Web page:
Tuesday, February 9, 2010

Only Connect

In the quiet hours of the morning, I've taken to cleaning my room to a costume drama first thing. There's nothing like a vigorous re-placing of possessions - refolding the clothes on the floor (that I've sometimes perversely thrown around just so that I can refold them in the morning), making the bed, exorcising the stuffy night air by opening windows and lighting candles - accompanied by familiar faces and arch British accents.

I did not get very far into Brideshead Revisited before it had to be returned to the library, but I did have time to develope a crush on young Jeremy Irons. Now I am watching the 2005 production Bleak House, with Cranford (Judi Dench; 2007) in the wings.

Bleak House is one of the few Dickens novels I've read, and though I found the lawyerish talk of Jarndyce & Jarndyce soporific, and I didn't much like Esther Summerson at the time, I liked the book. (Though, in retrospect, this might be only because of the mysterious and very gothic figure, Lady Dedlock; gothic romances were my thing.) Watching the miniseries has convinced me to head back to Dickens and embrace his manic and silly cast of characters, his neglectful Jellaby-philanthropists, his sponging Skinpoles.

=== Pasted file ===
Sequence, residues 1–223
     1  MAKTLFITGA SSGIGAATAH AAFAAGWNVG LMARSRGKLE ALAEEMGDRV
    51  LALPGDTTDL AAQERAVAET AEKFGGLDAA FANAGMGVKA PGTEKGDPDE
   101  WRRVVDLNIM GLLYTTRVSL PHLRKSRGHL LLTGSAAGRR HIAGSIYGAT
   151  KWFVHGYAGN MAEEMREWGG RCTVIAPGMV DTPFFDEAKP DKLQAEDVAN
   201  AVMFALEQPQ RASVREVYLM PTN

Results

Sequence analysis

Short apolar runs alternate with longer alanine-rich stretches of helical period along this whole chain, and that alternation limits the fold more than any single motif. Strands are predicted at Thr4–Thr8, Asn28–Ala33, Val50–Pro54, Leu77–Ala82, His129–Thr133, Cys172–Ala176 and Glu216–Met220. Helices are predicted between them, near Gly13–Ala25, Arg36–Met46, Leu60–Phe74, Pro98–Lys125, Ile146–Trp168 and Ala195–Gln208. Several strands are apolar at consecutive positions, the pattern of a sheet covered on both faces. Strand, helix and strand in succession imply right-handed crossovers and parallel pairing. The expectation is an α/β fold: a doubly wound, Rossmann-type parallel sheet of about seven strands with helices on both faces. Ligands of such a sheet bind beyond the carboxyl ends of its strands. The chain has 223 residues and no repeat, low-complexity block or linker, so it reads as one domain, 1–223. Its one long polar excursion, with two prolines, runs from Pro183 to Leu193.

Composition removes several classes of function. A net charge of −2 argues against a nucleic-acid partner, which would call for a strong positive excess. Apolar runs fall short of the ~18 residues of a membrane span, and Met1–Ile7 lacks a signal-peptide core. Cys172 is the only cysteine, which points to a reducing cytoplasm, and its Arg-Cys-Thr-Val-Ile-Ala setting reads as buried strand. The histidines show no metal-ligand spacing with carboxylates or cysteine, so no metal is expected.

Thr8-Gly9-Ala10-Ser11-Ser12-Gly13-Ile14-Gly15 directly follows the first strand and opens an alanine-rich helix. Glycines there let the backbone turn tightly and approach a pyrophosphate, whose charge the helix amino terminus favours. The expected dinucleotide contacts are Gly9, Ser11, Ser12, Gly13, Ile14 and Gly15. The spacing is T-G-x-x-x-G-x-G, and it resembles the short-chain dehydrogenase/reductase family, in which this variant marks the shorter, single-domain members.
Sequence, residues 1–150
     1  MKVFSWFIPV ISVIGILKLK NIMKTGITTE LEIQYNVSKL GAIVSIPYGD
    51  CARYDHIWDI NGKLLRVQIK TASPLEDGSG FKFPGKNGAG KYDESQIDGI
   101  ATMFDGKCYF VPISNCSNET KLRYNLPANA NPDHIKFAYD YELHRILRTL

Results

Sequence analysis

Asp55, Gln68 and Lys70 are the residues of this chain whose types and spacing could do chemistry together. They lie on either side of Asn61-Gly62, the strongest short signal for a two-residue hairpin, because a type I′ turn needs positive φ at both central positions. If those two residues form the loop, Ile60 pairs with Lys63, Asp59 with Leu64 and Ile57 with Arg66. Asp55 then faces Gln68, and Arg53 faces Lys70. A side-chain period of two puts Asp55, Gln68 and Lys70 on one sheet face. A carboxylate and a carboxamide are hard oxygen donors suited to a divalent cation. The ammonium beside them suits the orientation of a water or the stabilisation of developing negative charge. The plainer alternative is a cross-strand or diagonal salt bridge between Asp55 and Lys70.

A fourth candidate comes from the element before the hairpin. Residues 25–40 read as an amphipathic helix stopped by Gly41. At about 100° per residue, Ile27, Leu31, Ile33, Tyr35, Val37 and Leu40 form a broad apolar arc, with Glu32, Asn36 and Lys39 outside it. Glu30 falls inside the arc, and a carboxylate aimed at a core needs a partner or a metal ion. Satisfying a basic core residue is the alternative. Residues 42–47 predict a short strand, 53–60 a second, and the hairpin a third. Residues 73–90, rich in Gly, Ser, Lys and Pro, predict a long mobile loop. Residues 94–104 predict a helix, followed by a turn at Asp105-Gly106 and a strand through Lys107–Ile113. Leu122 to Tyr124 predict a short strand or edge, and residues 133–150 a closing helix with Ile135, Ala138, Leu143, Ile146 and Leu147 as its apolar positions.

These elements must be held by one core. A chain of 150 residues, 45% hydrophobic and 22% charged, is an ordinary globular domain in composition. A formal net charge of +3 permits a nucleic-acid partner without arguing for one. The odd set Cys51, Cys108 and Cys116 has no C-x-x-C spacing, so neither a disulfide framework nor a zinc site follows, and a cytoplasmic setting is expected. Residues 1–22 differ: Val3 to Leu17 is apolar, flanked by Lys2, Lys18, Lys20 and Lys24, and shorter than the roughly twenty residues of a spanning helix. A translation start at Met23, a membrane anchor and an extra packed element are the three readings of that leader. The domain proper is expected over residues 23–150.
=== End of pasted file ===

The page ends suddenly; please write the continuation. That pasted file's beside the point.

It seems, I said to Chris last night, that we've lost the kind of novel with a large cast of characters, where every one is important. No one writes like Dickens anymore. Or Gaskell.
Chris said that the Great American novels were largely - not always - about solo figures (Bellow, Roth, etc.)and couples on the East Coast (Updike). These novels are about individualism and self-determination. No manic philanthropists.
We agreed that Indians do Dickens now. In my (uneducated) opinion, Indian novels draw some potency from Dickens; it is difficult to find one which is not large and manic and overpopulated with characters in the Dickensian vein - Rushdie, Seth, etc.

And then, this morning in our fiction bin, waiting to be put on the front table, was Philip Hensher's Northern Clemency, which was - on the front cover - compared to both Dickens and Gaskell. So there. Serendipitous.

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